The authors begin by asking why we make conservation efforts (an empirical question) and why we should make these efforts (a normative question). Then they lose all interest in the two questions. Instead, the remaining of the article is all about welcoming, engaging, embracing and listening to diverse genders, ethnicities, religions and philosophies; using compelling speeches and changing our governing language; matching values to contexts and audiences, and inspiring people to uphold intrinsic values no matter whether they exist or not; and getting funding for projects that do not advance obvious human goals. Near the end of the article they mention the need for "testing hypotheses based on observations, experiments and models." Except for that sentence, the article is not about science but about contemporary standards of courtesy (which I happen to dislike as much as the old ones).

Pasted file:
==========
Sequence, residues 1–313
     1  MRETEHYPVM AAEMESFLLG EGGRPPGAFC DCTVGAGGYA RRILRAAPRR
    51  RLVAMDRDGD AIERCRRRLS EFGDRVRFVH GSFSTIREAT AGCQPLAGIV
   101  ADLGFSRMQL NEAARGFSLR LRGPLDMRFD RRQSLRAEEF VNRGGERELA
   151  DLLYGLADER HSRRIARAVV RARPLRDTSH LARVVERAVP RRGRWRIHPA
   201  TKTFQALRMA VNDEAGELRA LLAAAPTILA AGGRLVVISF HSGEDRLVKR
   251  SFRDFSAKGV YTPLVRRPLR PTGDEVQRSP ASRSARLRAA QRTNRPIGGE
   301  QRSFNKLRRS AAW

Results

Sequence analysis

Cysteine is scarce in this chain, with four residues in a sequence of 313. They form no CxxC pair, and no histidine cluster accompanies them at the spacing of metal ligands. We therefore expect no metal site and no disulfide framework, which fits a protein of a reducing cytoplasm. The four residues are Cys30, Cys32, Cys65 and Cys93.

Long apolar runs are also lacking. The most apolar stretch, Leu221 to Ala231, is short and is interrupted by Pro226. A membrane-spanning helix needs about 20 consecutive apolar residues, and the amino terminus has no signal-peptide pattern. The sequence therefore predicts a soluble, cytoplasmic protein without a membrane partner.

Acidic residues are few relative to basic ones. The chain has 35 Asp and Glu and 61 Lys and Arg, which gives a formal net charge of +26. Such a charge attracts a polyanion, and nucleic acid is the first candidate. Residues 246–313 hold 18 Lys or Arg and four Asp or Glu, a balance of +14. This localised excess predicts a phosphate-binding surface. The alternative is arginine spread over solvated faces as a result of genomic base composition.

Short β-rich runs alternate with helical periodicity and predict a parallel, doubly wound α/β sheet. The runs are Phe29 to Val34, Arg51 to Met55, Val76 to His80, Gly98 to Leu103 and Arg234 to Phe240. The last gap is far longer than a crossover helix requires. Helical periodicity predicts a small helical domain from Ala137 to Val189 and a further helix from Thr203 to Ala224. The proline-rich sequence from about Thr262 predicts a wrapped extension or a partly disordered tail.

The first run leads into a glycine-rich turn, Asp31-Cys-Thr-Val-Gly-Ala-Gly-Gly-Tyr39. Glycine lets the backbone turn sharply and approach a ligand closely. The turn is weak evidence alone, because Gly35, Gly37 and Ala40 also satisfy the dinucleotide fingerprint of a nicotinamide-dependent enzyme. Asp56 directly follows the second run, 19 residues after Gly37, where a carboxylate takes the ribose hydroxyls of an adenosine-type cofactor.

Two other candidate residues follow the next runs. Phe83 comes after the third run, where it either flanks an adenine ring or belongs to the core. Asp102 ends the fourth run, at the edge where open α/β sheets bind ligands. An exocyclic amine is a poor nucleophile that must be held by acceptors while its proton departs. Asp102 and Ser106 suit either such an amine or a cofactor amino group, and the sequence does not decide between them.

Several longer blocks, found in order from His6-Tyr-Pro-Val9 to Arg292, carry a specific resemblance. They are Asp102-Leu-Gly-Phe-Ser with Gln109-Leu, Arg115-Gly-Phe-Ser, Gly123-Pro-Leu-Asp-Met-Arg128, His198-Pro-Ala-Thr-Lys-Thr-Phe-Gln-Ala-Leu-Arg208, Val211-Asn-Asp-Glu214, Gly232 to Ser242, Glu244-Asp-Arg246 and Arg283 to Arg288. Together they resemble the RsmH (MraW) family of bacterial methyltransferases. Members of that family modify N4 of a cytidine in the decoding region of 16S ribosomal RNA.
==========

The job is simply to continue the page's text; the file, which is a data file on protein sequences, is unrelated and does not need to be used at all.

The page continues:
November 21, 2014
Conserving nature and embracing each other
In Working together: A call for inclusive conservation, published in Nature, Heather Tallis, Jane Lubchenco and 238 co-signatories talk about the recent debate between the likes of Michael Soule, who believe that nature should be preserved for its own sake, and the likes of Peter Kareiva, who give more weight to the benefits humans derive. I left the following comment on the article's webpage: